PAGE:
nixfmt alpha release

#1

Today we are happy to announce an alpha release of nixfmt, our formatter for Nix code. The work is still in progress, but we can’t help sharing what we’ve done by now, as we consider the project truly important for the community and us as the Nix users. It is released under the MPL 2.0, and contributions are welcome. The project is available at https://github.com/serokell/nixfmt.

At Serokell, we write quite a bit of Nix code, and the lack of tooling surrounding the language has always bothered us. No good formatter existed, and even editor indentation plugins were often lacking. So we set out to change that by ourselves.

We started writing nixfmt, a tool for formatting Nix code in a consistent way. In the project, we’re using popular libraries like megaparsec and text, and we use a custom pretty printer originally based on the prettyprinter library.

Currently, nixfmt parses and formats all of nixpkgs in about 20 seconds on a dual-core CPU and individual files like all-packages.nix in less than a second. To give it a try, clone it and run nix-build. Then run result/nixfmt -w80 some.nix files.nix. For more details, see the README.md.

The tool is not entirely done yet, but the formatting it applies is very consistent and improves overall readability although unattractive in many places. We’re working hard to make it produce good results by the end of the month. In the first place, we aim to reach a nixfmt that generates somewhat pretty code for almost everything. At that point, it will be considered widely usable. Then we’d like to work along with the NixOS community to bring the project up to standard for an officially accepted code formatter.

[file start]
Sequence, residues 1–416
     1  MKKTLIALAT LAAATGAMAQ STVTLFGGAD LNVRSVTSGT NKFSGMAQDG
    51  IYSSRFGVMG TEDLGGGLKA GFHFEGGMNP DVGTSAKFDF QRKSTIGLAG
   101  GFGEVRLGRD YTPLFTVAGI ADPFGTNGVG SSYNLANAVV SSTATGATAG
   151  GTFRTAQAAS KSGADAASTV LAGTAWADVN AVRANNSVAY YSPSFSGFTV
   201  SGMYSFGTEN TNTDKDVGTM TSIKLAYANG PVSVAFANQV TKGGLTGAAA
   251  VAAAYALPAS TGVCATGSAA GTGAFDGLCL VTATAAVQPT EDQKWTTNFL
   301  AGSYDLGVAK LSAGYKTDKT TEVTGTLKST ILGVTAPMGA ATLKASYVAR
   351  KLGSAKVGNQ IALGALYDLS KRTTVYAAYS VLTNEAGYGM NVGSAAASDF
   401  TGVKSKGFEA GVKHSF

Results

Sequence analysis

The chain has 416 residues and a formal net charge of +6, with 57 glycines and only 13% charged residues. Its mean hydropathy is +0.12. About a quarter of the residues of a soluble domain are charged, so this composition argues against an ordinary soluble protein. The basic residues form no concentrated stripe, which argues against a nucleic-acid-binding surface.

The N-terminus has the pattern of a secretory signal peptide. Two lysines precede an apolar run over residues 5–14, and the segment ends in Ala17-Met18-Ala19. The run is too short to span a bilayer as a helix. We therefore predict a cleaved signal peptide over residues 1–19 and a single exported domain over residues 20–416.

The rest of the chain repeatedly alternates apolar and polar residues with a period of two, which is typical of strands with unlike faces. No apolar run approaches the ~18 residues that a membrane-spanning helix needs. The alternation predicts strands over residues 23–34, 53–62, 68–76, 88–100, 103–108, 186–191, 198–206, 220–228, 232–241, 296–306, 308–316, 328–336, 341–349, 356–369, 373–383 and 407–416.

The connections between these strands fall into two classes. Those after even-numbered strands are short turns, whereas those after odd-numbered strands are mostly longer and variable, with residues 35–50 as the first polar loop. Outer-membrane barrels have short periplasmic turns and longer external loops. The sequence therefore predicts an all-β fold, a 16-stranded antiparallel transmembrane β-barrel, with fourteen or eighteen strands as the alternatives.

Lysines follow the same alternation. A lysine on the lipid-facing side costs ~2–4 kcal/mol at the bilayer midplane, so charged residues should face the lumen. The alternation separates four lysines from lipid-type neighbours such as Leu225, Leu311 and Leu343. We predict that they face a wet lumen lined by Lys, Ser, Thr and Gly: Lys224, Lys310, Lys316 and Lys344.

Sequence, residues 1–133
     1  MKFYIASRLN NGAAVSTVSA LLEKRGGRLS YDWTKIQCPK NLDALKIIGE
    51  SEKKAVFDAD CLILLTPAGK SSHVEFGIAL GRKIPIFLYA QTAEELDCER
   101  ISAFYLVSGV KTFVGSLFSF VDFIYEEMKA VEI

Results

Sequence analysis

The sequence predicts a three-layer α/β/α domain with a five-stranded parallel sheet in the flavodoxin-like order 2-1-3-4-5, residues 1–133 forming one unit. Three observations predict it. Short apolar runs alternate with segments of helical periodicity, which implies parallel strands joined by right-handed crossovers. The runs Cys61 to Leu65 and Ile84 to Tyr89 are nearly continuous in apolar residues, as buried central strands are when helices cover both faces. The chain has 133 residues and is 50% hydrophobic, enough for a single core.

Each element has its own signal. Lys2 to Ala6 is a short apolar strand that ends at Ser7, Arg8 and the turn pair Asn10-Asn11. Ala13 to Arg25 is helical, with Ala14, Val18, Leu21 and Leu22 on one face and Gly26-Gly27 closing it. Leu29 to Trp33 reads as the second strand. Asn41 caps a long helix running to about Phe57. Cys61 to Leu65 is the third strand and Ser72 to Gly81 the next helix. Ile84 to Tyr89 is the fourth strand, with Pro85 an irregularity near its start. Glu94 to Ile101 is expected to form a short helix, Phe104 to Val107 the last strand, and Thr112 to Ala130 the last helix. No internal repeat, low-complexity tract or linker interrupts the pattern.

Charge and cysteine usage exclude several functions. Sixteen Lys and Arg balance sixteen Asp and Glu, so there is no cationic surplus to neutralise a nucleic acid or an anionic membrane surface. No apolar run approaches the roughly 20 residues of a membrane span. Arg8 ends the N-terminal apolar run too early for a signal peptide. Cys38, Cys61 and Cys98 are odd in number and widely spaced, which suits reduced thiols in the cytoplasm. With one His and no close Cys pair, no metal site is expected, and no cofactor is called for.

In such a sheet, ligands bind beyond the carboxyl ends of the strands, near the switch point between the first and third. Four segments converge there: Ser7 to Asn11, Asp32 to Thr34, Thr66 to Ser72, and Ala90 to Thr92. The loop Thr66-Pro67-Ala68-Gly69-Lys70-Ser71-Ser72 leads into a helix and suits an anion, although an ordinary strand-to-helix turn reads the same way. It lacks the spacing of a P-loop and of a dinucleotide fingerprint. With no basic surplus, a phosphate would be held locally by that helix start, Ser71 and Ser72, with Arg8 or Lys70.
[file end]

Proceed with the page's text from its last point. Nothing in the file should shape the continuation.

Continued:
If you want to see how it works, we deployed it at https://nixfmt.serokell.io. We kindly invite you to help with the final stretch. Feel free to contribute!

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[Job] Implement a `nix fmt` formatter
#2

Let the bikeshedding begin! Consider:

let
  # * What you're seeing here is our nix formatter. It's quite opinionated:
  sample-01 = { lib }: {
    list = [ elem1 elem2 elem3 ] ++ lib.optionals
    stdenv.isDarwin [ elem4 elem5 ]; # and not quite finished
  }; # it will preserve your newlines

Is there a way to have these line continuations be indented further? Otherwise it’s a bit jarring to see a partial statement on a line. I can see that it is far simpler to just re-use the existing context indentation rather than create a new one (either a fixed number of spaces or based on first character after the “=”), but it does look weird.

Overall: amazing work! Thanks for the effort.

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#3